The mechanical-biological treatment installations at the new waste treatment plant, the only one of its kind on the island, process the waste produced by the entire population of Menorca, taking into account seasonal variations. Over 70% of the rest fraction and 90% of the light packaging fraction are recovered for recycling at the facility.
The Milà Waste Management Area now has a new mechanical-biological treatment plant for waste management and recovery. The facility was inaugurated on April 6, subsequent to the completion of the upgrading work carried out by the UTE Es Milà consortium. The consortium, composed of PreZero España and Adalmo, and a number of local companies, also holds the concession contract for operation of the plant.
The new treatment plant belongs to the Menorca Waste and Energy Consortium and will enable management of waste generated in Menorca during peak and off-peak seasons. The completion of the plant upgrading project, which began in January 2019 and required investment of over 20 million euros (including VAT), will optimise organic waste treatment and enhance separation of the different materials from five waste fractions for subsequent recycling, thereby minimising the quantity of waste sent to landfill.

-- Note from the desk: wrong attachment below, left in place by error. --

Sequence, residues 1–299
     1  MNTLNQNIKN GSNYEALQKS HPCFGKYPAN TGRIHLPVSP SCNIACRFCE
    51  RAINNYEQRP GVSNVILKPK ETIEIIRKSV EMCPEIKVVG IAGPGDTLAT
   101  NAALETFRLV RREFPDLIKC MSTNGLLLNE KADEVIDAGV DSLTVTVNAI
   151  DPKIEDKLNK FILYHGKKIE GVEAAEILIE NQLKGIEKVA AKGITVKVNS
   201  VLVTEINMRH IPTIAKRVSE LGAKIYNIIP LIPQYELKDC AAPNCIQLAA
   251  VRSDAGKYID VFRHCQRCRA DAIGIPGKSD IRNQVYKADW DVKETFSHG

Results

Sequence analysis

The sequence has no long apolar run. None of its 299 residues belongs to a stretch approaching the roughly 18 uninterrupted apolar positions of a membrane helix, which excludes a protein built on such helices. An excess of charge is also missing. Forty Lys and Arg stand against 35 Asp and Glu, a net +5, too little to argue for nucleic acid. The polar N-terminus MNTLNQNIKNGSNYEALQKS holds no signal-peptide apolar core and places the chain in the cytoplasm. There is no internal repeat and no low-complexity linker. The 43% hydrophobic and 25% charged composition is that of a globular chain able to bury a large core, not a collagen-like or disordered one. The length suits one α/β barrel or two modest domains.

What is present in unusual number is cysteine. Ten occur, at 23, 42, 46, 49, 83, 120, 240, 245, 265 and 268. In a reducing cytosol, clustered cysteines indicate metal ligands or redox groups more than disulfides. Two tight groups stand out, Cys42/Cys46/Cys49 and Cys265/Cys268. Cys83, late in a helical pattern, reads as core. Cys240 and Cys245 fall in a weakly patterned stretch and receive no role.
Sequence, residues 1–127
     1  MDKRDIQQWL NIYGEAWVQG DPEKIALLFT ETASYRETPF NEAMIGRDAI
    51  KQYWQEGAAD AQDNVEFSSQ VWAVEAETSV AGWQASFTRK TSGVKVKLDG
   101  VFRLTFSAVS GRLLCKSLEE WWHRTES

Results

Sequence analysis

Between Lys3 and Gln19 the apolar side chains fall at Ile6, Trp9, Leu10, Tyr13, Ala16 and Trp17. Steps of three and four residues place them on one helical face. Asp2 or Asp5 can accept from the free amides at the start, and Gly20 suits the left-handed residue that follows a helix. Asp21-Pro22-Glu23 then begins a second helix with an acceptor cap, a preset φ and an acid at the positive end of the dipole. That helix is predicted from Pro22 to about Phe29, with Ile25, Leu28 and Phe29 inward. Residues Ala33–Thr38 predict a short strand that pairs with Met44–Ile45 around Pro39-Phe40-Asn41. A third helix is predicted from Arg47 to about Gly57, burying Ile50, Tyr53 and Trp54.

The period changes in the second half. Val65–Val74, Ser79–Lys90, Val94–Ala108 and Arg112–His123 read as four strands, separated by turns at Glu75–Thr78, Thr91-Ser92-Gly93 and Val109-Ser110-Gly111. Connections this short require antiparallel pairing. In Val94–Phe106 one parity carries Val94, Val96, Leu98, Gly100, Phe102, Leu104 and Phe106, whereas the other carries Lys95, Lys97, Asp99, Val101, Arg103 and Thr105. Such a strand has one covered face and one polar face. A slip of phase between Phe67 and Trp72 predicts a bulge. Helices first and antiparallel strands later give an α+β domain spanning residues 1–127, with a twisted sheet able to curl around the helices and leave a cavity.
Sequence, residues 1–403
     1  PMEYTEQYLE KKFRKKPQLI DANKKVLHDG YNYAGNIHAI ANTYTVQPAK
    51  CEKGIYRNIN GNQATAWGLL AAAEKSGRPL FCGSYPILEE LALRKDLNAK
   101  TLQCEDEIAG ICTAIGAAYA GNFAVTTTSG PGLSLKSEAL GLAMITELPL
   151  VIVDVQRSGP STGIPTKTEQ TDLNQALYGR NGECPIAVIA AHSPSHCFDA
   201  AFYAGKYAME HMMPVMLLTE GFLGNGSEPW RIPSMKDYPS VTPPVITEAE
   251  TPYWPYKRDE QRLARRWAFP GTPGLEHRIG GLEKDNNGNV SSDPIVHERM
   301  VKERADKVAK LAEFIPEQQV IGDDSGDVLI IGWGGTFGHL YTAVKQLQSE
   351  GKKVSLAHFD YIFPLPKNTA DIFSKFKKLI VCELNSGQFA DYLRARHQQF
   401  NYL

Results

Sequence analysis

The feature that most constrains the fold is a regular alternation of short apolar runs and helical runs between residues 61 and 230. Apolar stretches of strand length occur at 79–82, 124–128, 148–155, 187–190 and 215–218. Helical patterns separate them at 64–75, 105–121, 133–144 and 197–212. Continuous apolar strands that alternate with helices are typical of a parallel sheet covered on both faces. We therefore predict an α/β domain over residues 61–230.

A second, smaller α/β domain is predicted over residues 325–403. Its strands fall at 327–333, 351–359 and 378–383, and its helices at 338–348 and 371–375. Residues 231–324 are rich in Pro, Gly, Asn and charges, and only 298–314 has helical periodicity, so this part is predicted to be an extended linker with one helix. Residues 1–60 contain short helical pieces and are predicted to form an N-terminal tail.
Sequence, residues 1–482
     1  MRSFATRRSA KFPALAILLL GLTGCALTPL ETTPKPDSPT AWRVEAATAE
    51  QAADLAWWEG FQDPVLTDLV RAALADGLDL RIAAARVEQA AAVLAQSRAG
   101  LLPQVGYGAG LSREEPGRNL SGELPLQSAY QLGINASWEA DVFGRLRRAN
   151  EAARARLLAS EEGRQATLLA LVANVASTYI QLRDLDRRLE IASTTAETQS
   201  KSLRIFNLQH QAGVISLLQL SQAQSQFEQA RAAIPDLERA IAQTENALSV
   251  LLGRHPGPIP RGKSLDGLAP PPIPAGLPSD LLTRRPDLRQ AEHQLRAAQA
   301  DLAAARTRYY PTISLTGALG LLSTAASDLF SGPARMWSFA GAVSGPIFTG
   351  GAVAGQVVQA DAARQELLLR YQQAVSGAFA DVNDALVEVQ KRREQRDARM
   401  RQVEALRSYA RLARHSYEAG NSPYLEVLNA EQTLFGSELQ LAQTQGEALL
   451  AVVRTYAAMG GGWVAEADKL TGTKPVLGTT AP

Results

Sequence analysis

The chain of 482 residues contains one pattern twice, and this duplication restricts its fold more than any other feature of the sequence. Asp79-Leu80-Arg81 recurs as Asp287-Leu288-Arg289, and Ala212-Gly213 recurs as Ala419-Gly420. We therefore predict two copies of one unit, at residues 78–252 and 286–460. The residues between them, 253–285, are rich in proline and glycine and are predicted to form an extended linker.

Inauguration of the Milà facility
Susana Mora, President of the Menorca Island Council, presided over the inauguration ceremony, which was attended by Josep Juaneda, Councillor for the Environment and Biosphere Reserve and President of Menorca Waste and Energy Consortium, and Esteve Barceló, Menorca’s Environment Manager.
The Government of the Balearic Islands was represented by Miquel Mir, Regional Minister of Environment and Territory, Sebastià Sansó, Director General of Waste and Environmental Education, and Antoni Alorda, President of the Balearic Islands Environment Commission, all of whom had a direct involvment in the procedures associated with these facilities.
They were accompanied by representatives of the concessionaire, Rafael San Martín, PreZero Españas’s Head of Public Accounts, and Juan Alba, CEO at Aldalmo. The ceremony was also attended by a number of Menorca’s municipal mayors and mayoresses, as well as members of the Board of Directors of UTE Es Milà.